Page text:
Harvesting the Olives

Olive harvesting can be a pretty tiring experience but also has many enjoyable moments. The whole family will harvest the olives together and it’s a great time for joking, chatting and enjoying each other’s company. The serious farmer will start harvesting at 6am. Where I am, the father starts around 6 on weekends and the rest of the family joins in around 8 or 9 am. During the week he works in school until mid day, and then goes out to the field. Exams are scheduled before and after the olive season specifically so kids can spend more time in the fields, but sometimes homework keeps the high school and university students at home.
Farmers seem to buy small-ish plots of land here and there, rather than having all their trees in one place. In a week and a half of harvesting, I’ve been to 3 or 4 different parcels of land and there are a few more to go.

One of the younger children collects olives in his toys

Usually one or two people climb up the tree and/or a ladder and start removing olives there. Everyone else picks the olives from branches closest to the ground. The olive tree is pruned to prevent the trees from growing too tall. The other day we harvested from one that was quite tall. I was told that they were continually trying to make this tree grow out, rather than up, “but it just didn’t listen.” Apparently that particular tree has seen some injuries due to its large height.

You move from tree to tree all day, taking frequent breaks for water, rest, food and more. If you are out all day, you will probably bring a sizable picnic. Sometimes, one person stays home to cook in the morning and then joins the rest of the family on the slopes with a hot lunch. As the sun is going down, you wrap everything up and go home and completely relax. Most of the tools get left in the field and only the picnic supplies and the olives are brought back up. (Remember, the town is at the top of the hill and the olive groves are below, so carrying chicken-feed-bags of olives up a steep rocky hill is no easy feat.) Some families use a donkey (h’mar), but this family got rid of theirs because the braying is simply unbearable. It’s really the most horrible sound you will ever hear.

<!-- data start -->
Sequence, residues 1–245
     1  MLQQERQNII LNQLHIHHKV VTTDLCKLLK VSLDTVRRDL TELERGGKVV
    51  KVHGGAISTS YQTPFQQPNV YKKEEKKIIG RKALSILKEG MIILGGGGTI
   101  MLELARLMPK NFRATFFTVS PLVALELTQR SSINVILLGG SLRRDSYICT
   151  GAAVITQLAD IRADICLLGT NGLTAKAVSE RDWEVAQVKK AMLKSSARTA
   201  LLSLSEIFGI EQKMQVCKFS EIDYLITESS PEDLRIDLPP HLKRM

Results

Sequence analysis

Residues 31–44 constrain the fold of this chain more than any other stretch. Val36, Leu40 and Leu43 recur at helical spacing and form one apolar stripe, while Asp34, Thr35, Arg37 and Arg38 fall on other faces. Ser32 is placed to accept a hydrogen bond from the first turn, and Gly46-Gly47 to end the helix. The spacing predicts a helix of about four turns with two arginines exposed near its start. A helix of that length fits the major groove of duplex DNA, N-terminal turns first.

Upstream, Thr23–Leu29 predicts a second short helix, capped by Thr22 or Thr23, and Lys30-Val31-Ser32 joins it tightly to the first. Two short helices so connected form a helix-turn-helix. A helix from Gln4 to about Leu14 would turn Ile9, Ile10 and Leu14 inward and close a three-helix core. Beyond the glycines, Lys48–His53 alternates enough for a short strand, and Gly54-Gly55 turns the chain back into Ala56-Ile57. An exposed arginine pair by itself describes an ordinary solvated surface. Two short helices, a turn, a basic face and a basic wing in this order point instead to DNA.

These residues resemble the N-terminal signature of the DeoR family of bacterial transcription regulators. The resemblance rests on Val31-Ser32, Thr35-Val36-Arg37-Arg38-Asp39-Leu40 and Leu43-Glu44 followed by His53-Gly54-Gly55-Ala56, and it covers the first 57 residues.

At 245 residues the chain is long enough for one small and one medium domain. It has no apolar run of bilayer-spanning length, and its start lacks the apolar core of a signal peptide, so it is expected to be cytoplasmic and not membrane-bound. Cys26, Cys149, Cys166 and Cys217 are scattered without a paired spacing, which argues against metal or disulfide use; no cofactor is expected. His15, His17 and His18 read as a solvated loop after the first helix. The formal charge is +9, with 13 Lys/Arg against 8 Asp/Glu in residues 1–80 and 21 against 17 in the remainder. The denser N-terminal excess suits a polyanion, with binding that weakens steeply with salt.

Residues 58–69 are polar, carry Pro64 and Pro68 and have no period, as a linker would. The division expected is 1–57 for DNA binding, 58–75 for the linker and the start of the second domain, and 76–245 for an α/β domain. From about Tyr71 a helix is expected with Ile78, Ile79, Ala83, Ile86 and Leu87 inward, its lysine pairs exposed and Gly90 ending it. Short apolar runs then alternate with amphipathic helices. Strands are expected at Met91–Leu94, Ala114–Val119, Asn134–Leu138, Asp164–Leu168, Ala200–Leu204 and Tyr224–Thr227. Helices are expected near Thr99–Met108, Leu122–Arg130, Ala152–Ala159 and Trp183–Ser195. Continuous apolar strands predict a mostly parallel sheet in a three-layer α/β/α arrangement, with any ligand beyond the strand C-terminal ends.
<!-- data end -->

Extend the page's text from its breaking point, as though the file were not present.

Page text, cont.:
Carrying olives isn’t easy

We carry the bags towards a rocky, sandy, steep and unpaved road, where we parked the car. Frequently the car has major trouble getting back up. Everyone but the driver walks uphill to the paved road (so as not to weigh down the car) and only gets in once the car has cleared the hill. It is quite scary to see the kids trying to throw large stones under the wheels so the car wont slide backwards. The villagers would like to have the road paved but there is no money for it.

Car braves unpaved roads with full olive sacks

At the end of a full day this season, we’ve had about 4 bags (the size of potato sacks) of olives. This obviously depends on how big your family is and therefore how many hands on deck. Where I am, three of the sons live abroad, two work in Ramallah, and one is too young to really help. That leaves them with me, and a son and daughter who are both in the thick of their studies, so their help is part-time. Good thing this is a slow year for olives. Next year will be a bigger harvest, and I have been told that in such times, a single tree can fill two bags and you can come home with 12 or more bags. I’ll have to come back next year to find out…

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